ACT growers came out on top at Sunday's Collector Village Pumpkin Festival winning top prizes in both the main and junior categories.
First prize went to Rick Downs for his 109.5-kilogram entry, second prize went to a 106-kilogram monster grown by Terry Kiernan at Captains Flat and third went to Peter Filmer, of The Angle in Tharwa, with two 100-kilogram pumpkins.
Mr Filmer, a first-time competitor, was thrilled to take out the prize for the vegetables he had grown from seeds from the 2016 festival.
He shared plenty of tips for growers as he stood proudly in front of the vegetables measuring almost a metre in diameter.
Patience and pride were essential ingredients, however Mr Filmer mentioned he threw out the rule book when it came to fertilising his pumpkin vines.
"The packet said only so much fertiliser a week but with these two I was almost doing it morning and night," he said.
The junior winner, also from the ACT, went to the Forster family with their impressive 85.5-kilogram pumpkin.
Beyond prizes, the colourful festival boasted a pumpkin-themed baking competition.
Large crowds, which had queued to get into the town, were hungrily snapping up warm pumpkin pies, scones and soup.
Aliesha Lavers, a Perth native, was impressed by the harvest atmosphere and got stuck into all the activities on offer including cuddling the festival's mascot Pumpkin Joe and taking a turn at Pumpkin wheelbarrow racing.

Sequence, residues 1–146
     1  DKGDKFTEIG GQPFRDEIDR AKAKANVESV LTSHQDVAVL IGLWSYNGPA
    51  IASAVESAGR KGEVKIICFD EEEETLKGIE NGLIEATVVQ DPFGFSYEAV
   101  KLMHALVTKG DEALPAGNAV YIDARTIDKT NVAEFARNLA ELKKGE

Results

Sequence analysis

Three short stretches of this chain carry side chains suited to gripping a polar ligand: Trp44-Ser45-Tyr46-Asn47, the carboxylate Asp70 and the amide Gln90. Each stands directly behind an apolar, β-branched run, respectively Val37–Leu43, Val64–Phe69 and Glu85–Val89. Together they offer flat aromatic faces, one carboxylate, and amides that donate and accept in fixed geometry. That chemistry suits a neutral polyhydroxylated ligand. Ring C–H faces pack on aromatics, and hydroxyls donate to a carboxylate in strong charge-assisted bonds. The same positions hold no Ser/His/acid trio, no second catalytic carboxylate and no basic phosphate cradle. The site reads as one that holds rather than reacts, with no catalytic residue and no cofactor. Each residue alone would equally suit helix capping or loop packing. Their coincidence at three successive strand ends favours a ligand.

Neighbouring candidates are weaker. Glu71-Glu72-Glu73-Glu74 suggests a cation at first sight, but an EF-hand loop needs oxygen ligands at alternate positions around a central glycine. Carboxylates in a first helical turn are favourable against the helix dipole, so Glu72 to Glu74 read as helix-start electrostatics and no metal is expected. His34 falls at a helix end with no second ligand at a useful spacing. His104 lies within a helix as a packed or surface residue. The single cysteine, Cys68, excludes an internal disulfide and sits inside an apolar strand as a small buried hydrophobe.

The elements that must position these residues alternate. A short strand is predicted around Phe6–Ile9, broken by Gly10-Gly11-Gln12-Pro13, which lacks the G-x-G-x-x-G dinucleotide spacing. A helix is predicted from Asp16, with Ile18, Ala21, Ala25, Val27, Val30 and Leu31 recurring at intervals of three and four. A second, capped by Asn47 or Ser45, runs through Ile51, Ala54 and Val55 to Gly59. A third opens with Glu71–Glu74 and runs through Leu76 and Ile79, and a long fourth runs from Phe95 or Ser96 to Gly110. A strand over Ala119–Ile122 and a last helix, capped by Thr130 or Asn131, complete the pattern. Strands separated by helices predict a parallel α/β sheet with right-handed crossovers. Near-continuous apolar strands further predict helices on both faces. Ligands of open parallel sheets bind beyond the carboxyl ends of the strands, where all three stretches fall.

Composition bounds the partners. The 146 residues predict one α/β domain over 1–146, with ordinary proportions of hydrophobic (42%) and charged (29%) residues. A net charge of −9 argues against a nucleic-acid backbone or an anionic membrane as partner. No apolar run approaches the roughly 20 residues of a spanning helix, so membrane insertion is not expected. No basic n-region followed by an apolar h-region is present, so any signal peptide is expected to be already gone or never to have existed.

However, it was Jeremy Kay, a self-confessed pumpkin-eater from Melbourne, who shone in the event pushing the barrow and large papier-mâché pumpkin through the course in 13.22 seconds.
"We are just here for the weekend," he said. "The festival is a lot bigger than we thought. It is awesome. Who knew you could do so much with pumpkins!"
Mr Kay, who entered the event for $1, said he would stick around long into the afternoon to defend his place on the ladder and hopefully win the $50 first prize money.
Along with pumpkin rolling for the sporty, there was pumpkin decorating for the arty, and a pumpkin treasure hunt for the adventurous.
Festival-goers were blown away by the wealth of family-friendly entertainment and could be seen racing through the hay bale maze, rock climbing, enjoying pony rides or kicking back with some good grub in front of the live bands.